From The Archives: Ben Hogan, Golf Legend

Morning Remembrance Portraits by Nathan Smith copyright 2011


Ben Hogan, considered the greatest golfer in the history of sports, is dead after suffering a massive pulmonary embolism, or the kind of stroke from which no golfer could ever recover.

Hogan first discovered golf during puberty when he hit two good balls after stepping on a rake.

Even after enduring countless jokes like that, Hogan remained dedicated to the sport. And during the succeeding years he often spent the days “noodling” with his “little putter” in order to cut a “hard wood.” For extra hilarity, please re-read that last sentence aloud while emphasizing the words in quotes.

He finally won his first tournament in 1938. But the winnings were slim back in the depression and all he received for his effort was a bowl of soup and a tumbleweed.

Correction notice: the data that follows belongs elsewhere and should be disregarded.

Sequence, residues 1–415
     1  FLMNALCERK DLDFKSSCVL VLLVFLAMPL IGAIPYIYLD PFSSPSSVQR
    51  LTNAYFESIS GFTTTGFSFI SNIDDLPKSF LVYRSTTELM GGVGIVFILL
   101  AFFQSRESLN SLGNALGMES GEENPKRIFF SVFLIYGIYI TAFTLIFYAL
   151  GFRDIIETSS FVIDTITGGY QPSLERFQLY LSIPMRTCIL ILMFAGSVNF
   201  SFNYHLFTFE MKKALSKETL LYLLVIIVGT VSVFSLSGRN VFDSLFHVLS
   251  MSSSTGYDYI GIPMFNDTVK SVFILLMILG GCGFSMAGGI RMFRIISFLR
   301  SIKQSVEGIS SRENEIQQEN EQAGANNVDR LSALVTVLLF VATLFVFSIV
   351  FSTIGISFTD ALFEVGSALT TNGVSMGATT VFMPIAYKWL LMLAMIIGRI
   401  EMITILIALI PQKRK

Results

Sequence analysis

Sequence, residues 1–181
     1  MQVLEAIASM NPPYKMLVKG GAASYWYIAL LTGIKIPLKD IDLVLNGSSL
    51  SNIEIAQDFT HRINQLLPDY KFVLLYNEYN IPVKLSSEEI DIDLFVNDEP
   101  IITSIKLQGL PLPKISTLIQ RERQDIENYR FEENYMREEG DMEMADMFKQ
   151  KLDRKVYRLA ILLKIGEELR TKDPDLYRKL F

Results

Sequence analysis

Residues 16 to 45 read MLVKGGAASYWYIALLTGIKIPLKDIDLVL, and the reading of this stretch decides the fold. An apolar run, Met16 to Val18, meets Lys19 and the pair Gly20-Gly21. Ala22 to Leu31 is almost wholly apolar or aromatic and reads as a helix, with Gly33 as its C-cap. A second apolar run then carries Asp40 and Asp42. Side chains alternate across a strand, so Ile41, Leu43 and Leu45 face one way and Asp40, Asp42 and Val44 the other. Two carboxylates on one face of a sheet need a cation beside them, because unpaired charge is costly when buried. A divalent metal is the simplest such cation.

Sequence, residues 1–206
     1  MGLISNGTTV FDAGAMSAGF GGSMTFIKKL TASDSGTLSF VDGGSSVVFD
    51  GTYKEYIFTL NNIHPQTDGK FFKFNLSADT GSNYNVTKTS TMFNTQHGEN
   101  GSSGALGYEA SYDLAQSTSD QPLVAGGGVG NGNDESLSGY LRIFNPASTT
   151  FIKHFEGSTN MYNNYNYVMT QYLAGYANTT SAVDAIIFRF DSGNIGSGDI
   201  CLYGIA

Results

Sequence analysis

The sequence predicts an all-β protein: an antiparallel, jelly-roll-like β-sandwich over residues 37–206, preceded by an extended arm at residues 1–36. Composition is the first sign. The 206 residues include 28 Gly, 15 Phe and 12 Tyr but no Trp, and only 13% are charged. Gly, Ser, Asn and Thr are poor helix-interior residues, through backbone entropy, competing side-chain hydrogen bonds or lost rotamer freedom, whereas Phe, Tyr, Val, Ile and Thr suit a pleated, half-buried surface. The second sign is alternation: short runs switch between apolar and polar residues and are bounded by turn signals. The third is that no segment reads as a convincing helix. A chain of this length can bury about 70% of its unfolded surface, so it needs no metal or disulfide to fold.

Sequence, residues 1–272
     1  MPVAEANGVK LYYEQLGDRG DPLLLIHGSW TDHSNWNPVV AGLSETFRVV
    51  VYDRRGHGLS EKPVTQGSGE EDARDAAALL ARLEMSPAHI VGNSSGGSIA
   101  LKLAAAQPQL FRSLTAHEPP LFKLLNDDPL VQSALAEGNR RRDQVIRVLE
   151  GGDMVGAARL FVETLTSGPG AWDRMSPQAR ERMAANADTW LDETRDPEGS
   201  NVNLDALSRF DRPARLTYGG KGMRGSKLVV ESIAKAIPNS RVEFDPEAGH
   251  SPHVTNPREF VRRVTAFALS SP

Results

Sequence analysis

Hogan’s life was not without hardship. During his later years, he suffered from elephantiasis and had to carry his bag around in a wheelbarrow.

During his illustrious career, Hogan won 63 tournaments, including nine major championships. But perhaps his greatest accomplishment was making golf the second most tedious sport to watch on TV after bowling.

For those of you not familiar with golf, the object of the game is to propel a small ball around a lawn using as little physical exertion as possible while making foreign policy decisions prolonging the Vietnam War.

Hogan requested his mashie niblet be preserved in a jar of formaldehyde right next to his father’s mummified cleek..

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